Flower Luxury

11 Different Types of Hellebore (Photos)

When I want to bring a unique appeal to my garden, I know that I can always depend on hellebores.

These are perennials, and they have beautiful, leathery leaves and can truly produce some colorful flowers that have them appearing in my garden year after year. Hellebores will persist well into the winter, which is why they are often called the “Christmas rose.” Rabbits and deer tend to avoid them, and when you plant them, you can expect blooms as early as January!

Seedlings also drop naturally from hellebores, and the seeds that you gather this way may even take on unique appearances from their parent plant.

Let’s take a look at 11 different types of hellebore.

11 Gorgeous Hellebore Varieties

1) Helleborus ‘Anna’s Red’

Anna’s red isn’t a typical flowering red; it has a coloration that’s more akin to plum, but this is a beautiful plant that has downward-facing blooms like most hellebores. The stamens on these blooms are bright yellow, so they make a startling contrast. They grow from late winter to mid-spring and grow best in part or full shade.

2) Helleborus ‘First Dance’

First dances hellebores have a unique spiral pattern to their blooms, which are usually a blend of purple and yellow with a green center. These have a double flower appearance and grow in partial to full shade. They also grow best in moist, alkaline soils, and they can be as tall as 24 inches when mature.

3) Helleborus ‘Ivory Prince’ (Christmas Rose)

This hellebore variant has the traditional affinity for full to partial shade and loves the alkaline-rich soils that are typical to the plant species. The ivory prince self-seeds and will grow up to 18 inches tall. Blooms on this flower are yellowish-green and are very hardy.

4) Helleborus ‘Penny’s Pink’ (Hellebore)

Just like Anna’s red, Penny’s pink isn’t what I would call a traditional pink; the blooms are much darker and lean towards the red end of the spectrum at the petal tips. These are partial to full shade variants that love well-drained, alkaline-rich soils. At their tallest, expect these to grow to 24 inches.

5) Helleborus foetidus (Stinking Hellebore)

Despite the name, the stinking hellebore produces more of a grassy smell rather than a rank one. These have a unique shaping for a hellebore; their blooms are bell-shaped and light green. These grow best only in partial shade and alkaline soil. Late winter to mid-spring is the blooming period for this hellebore.

6) Helleborus Walberton’s Rosemary (Hellebore)

The wrinkled and angular petals of the rosemary hellebore are attractive in any garden. This variety grows well in the shade – either partial or full, and it loves moist soils with alkaline consistency. These grow up to 18 inches in height, and these resist most pests except slugs and aphids.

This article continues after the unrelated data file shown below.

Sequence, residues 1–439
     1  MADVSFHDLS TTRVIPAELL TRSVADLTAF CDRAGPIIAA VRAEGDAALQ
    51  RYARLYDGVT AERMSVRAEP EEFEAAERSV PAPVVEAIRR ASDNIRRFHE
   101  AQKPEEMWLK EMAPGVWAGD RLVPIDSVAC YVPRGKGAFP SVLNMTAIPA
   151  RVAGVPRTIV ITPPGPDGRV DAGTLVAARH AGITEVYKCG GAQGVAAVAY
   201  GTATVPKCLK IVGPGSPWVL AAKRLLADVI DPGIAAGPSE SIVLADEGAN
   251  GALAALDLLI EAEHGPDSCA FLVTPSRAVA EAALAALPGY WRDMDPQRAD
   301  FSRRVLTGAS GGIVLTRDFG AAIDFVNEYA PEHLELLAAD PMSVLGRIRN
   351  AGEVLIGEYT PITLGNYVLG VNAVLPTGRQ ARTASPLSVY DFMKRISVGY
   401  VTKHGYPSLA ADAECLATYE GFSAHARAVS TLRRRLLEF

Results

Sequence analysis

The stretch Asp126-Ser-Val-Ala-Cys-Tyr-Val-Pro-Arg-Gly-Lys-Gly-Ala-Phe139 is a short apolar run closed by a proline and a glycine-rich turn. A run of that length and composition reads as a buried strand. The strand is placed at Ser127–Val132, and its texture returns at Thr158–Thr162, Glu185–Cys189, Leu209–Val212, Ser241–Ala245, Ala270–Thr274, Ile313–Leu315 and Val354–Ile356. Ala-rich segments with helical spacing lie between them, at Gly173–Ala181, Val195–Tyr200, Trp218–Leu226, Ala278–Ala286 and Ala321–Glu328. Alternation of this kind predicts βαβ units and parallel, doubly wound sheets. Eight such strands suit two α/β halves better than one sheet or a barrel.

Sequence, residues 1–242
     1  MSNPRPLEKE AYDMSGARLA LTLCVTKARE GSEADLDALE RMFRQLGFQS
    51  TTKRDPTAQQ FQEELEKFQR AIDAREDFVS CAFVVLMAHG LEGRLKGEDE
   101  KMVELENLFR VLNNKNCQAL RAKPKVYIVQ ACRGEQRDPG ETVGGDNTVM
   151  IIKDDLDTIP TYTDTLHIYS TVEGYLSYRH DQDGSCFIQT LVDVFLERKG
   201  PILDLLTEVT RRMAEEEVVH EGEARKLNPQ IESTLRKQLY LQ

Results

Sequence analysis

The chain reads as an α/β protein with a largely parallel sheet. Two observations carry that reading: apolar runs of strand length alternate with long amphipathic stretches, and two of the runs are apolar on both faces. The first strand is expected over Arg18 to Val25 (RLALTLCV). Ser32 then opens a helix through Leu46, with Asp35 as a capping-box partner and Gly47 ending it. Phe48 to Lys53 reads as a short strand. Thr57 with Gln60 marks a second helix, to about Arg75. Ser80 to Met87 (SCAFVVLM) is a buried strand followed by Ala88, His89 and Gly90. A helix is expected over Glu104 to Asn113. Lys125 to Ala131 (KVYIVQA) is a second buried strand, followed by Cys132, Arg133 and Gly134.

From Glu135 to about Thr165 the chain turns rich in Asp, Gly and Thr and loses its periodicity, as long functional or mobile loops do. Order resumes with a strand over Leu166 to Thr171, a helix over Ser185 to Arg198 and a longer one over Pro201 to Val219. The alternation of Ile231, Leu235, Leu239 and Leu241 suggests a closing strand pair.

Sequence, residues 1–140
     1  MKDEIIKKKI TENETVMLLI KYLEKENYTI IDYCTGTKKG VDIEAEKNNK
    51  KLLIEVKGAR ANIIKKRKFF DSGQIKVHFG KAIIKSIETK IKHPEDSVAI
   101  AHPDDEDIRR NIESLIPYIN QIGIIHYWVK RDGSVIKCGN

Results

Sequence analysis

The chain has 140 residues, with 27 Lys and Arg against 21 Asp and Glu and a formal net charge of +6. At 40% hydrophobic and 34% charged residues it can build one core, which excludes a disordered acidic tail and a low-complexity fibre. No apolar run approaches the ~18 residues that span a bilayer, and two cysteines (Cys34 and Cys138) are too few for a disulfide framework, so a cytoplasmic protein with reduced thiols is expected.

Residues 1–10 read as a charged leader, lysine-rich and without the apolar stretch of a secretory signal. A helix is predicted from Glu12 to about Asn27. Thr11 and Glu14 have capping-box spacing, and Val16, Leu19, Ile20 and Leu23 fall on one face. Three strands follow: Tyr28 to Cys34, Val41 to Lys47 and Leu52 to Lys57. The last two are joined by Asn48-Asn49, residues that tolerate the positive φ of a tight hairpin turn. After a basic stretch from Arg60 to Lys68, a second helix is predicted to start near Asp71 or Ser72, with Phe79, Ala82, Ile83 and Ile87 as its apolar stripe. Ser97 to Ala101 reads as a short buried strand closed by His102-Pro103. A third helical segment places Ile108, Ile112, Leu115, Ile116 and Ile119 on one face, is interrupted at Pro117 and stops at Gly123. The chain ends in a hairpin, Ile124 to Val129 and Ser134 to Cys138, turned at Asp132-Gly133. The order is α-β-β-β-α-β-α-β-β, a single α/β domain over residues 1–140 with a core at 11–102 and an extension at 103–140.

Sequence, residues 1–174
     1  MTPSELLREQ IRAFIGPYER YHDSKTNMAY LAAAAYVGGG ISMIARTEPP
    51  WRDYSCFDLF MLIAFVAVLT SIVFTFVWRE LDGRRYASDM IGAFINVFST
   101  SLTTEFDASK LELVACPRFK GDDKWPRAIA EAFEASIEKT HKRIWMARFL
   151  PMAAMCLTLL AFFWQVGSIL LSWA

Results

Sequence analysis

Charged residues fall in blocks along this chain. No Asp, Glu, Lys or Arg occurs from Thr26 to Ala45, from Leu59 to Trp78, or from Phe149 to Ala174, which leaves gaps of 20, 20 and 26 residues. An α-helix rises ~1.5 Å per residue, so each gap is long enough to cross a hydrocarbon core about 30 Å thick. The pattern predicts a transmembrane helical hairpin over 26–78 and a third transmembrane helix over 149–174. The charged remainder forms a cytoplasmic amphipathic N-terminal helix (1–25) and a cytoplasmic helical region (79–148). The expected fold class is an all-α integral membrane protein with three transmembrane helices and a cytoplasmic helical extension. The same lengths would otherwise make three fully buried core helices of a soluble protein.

7) Helleborus Winter Jewels ‘Peppermint Ice’

These hellebores grow to be a dark plum color or a bright pink during different points in their growth. These prefer humus-like soil with minimal moisture and high alkalinity. Cold winter winds can damage the leaves, so shield them to offer additional protection to the plant.

8) Helleborus x ballardiae ‘Cinnamon Snow’

You may be startled when you observe the beautiful cream petals of the cinnamon snow hellebore. There are hints of cinnamon coloring in the beautiful blooms, and you can expect these to grow best in shady areas. These flower extra early in December. The color is even affected by the outside temperature.

9) Helleborus x ballardiae ‘Merlin’

With a magical name like Merlin, it shouldn’t be too surprising that this breed of hellebore looks like an explosion of color. The leaves are pinkish with white veining, and like most hellebores, there’s a crown of yellow stamens in the center. They grow in zone five through zone nine and prefer partial shade to mostly sunny environments.

10) Helleborus x ballardiae HGC Mahogany Snow

This is another star-shaped hellebore that sports a beautiful cream coloring with burnt tips. At maximum, they grow to about a foot tall and have reddish stems and dark green leaves. Provide these with full shade, and they’ll grow steadily.

11) Helleborus x hybridus Double White Spotted


The most striking feature of this hellebore is the red speckling towards the center of each petal. This makes them look stunning, but they are just as hardy as other species of hellebore. They resist pests like rabbits and deer and grow well in shady environments. Use soil that drains well and has high alkalinity.

Conclusion

I hope you enjoyed reading about the different varieties of Hellebore. These are wonderful plants that will thrive in different conditions.

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